Rising Sea Threatens 1,500 Indonesian Islands

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1500 Indonesian islands are at risk of disappearing by the year 2050 due to rising sea levels.

1500 Indonesian islands are at risk of disappearing by the year 2050 due to rising sea levels.

Some key spots, like the capital, Jakarta, could face problems much sooner.

Soekarno-Hatta International, the airport that serves the city, is located only 3 miles from shore and may be under water as soon as 2030.

Approximately twenty years later the city’s northern areas would become riddled with lakes.

Those estimates come from a Climate Change Vulnerability Index published by Maplecroft, a British risk analysis firm.

The information in the report was echoed by a climate change specialist from the Asian Development Bank.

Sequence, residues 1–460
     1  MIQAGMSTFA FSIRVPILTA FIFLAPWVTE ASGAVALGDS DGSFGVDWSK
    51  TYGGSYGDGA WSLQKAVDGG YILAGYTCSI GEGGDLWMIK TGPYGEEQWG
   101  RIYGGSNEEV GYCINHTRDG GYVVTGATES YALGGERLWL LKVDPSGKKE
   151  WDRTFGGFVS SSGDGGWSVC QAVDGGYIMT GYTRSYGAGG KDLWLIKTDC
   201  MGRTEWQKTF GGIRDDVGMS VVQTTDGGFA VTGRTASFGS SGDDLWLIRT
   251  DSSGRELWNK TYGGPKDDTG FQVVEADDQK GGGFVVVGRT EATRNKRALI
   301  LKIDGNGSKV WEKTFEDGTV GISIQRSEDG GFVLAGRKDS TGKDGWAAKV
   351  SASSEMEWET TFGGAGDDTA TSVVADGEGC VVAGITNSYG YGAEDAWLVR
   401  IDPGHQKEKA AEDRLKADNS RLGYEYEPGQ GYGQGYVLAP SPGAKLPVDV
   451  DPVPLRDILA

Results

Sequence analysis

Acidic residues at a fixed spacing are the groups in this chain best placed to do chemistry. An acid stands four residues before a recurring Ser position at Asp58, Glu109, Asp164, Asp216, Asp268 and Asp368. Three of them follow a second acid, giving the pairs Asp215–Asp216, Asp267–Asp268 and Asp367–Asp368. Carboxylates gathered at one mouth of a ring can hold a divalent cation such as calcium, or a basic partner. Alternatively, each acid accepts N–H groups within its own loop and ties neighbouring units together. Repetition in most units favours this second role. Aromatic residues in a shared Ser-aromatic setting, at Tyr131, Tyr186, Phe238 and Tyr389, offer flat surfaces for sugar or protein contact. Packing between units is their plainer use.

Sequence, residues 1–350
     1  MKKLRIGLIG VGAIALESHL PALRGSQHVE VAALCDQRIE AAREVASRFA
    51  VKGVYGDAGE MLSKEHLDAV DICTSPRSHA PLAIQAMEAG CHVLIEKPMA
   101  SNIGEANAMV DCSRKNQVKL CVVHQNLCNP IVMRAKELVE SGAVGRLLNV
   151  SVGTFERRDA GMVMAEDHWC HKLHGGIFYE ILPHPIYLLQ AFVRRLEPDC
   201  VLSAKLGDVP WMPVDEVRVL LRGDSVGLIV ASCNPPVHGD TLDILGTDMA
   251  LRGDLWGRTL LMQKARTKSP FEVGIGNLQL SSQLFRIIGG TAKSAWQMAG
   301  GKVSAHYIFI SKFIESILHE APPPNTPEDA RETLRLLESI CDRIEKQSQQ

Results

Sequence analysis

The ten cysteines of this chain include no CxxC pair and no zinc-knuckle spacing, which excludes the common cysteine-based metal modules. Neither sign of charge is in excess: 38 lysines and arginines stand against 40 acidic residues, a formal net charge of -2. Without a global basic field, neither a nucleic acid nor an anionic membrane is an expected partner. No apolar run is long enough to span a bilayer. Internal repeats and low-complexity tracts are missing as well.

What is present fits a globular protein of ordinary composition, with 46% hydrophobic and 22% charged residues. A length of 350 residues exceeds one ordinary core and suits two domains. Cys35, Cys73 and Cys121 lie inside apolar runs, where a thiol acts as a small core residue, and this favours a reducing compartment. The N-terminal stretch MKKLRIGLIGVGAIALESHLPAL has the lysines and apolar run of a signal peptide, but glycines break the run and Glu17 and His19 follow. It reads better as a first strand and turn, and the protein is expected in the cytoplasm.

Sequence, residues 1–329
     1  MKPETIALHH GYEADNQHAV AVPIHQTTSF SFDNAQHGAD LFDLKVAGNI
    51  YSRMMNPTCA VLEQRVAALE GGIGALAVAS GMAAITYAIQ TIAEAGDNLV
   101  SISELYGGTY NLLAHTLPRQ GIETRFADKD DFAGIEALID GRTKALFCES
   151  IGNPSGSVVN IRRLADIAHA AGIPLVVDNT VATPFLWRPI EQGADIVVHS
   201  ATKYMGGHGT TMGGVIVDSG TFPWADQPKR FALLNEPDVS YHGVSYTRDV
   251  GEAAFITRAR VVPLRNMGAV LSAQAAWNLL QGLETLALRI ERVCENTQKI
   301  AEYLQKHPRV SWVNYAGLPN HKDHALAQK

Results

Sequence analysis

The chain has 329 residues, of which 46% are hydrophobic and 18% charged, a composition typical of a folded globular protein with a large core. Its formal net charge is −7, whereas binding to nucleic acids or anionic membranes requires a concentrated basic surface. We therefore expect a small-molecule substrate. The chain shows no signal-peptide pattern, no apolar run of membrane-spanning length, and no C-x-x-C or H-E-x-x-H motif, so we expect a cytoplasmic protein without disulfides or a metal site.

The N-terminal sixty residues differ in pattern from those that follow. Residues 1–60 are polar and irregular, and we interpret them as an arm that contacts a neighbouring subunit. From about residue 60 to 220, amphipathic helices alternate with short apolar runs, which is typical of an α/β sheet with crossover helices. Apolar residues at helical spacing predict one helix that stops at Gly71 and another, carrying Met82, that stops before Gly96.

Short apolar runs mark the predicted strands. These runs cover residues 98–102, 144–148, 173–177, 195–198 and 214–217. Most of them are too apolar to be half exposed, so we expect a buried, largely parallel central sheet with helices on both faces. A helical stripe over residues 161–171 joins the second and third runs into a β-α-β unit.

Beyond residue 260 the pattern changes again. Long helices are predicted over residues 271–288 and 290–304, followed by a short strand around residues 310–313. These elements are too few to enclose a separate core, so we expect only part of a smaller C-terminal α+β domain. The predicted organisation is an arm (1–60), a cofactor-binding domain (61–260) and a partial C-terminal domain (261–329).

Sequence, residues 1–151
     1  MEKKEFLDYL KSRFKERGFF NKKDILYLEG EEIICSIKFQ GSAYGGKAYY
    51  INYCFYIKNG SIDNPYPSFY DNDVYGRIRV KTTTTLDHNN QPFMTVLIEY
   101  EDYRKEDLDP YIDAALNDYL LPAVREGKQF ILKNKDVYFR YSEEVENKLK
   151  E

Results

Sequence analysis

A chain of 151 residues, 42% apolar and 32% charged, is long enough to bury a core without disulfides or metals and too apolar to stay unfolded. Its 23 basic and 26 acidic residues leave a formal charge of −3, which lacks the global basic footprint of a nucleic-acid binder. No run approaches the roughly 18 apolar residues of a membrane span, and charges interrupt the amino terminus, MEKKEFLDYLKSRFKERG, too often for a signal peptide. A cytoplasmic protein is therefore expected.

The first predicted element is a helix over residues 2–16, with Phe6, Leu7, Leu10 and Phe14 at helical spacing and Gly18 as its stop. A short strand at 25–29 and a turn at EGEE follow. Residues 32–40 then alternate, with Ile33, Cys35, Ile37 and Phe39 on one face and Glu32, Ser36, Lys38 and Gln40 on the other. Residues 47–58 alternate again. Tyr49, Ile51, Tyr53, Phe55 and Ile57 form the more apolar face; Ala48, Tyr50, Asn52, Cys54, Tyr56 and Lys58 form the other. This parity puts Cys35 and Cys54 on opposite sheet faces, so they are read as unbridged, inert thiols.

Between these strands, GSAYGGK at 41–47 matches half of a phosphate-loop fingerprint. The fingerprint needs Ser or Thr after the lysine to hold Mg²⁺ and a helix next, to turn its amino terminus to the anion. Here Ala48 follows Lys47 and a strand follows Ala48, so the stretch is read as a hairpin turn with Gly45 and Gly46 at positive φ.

He said, "This archipelago's biggest threat is rising sea levels, where 42 million people living 3km from the coast are vulnerable if estimated sea level rise reaches up to 90cm by the end of the century."

He also made a point of mentioning that seawater acidity is increasing and resulting in a diminished fish supply, as they are moving further out to sea.

Indonesia has already lost 24 islands off of the coasts of Aceh, Papua, Riau, and North Sumatra.

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